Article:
Tibetan and Himalayan Library - THL

THL Title Text
by John Vincent Bellezza
Edited by Geoffrey Barstow, Mickey Stockwell and Michael White
Tibetan & Himalayan Library
Published under the THL Digital Text License.

II.2. Superficial structures: Primarily funerary superstructure

Rirung MöndurRi rung mon dur

Basic site data

  • Site name: Rirung MöndurRi rung mon dur
  • Site number: D-50
  • Site typology: II.2a, II.2c
  • Elevation: 4700 m
  • Administrative location (township): Ombu Tangzang’Om bu thang bzang
  • Administrative location (county): GegyéDge rgyas
  • Survey expedition: UTAE
  • Survey date: June 4, 2001
  • Contemporary usage: Light grazing and the probable extraction of stones from the monuments.
  • Identifiable Buddhist constructions: None.
  • Maps: UTRS II
  • View Place Dictionary Entry
  • View Sites Images

General site characteristics

The four superstructures of Rirung MöndurRi rung mon dur are situated on a shelf set on the east shoulder of RirungRi rung mountain. The vistas to the north and east are particularly wide open. The shelf declines in an eastern direction, forcing the downhill walls of the heaped-stone wall enclosures to be elevated in order to maintain level interiors. The walls of these rounded enclosures consist of stones heaped to a height of 60 cm. The heaped-stone walls are as much as 1 m to 2 m thick, reflecting a great deal of subsidence over the centuries. Stones are strewn around the site while adjoining areas of the same shelf are free of such debris. This probably indicates that these loose stones were once part of the superstructures. The rocky backbone of RirungRi rung, the probable source of stones for the construction of Rirung MöndurRi rung mon dur, is situated west of the site. The structures are made from variable-length (20 cm to 1 m long) stones. These stones are light-colored with a dark grain and have acquired a reddish varnish. There is a small corral on the site which was probably built with stones pilfered from the monuments.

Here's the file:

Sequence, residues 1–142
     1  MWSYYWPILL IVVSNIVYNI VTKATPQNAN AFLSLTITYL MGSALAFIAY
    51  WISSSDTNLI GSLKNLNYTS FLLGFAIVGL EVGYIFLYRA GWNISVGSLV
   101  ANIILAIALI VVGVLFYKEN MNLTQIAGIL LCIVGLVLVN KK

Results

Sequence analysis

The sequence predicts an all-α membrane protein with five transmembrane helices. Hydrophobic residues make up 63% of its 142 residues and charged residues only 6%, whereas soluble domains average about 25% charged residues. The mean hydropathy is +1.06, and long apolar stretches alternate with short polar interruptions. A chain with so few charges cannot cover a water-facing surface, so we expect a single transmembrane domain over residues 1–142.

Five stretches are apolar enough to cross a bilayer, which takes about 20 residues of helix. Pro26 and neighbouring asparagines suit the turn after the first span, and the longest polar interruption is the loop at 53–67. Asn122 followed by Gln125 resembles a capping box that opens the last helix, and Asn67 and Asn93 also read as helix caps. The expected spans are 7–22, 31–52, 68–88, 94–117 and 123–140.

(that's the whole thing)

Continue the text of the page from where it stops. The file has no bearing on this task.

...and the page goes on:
Oral tradition

Rirung MöndurRi rung mon dur is attributed by local sources to the ancient MönMon.

Site elements

From south to north, the characteristics of the three superstructures are as follows:

  1. Funerary structure FS1 (19 m long) is kidney shaped and has a level interior. The uphill wall is sunken about 60 cm into the ground and the downhill wall is raised a like amount in order to create a level interior. The interior is free from visible structural elements.
  2. Funerary structure FS2 (6 m long) is located 17 m northwest of FS1. This is an irregularly shaped enclosure with single-course perimeter walls. The stones in the enclosure are up to 90 cm in length and project as much as 35 cm from the surface of the ground.
  3. Funerary structure FS3 (17 m across) is situated 7 m northwest of FS2. This heaped-stone wall enclosure is nearly round. Like FS1, its uphill wall is set prominently into the ground, while its downhill wall is elevated in order to create a level interior. The interior is free from visible structural elements.
  4. Funerary structure FS4 (19 m across) is located 32 m northwest of FS3. This ovoid heaped-stone wall specimen may have been divided into two cells by a heaped-stone wall.

Note Citation for Page

John Vincent Bellezza, (Charlottesville, VA: Tibetan & Himalayan Library, 2010), .

Bibliographic Citation

John Vincent Bellezza. . Charlottesville, VA: Tibetan & Himalayan Library, 2010.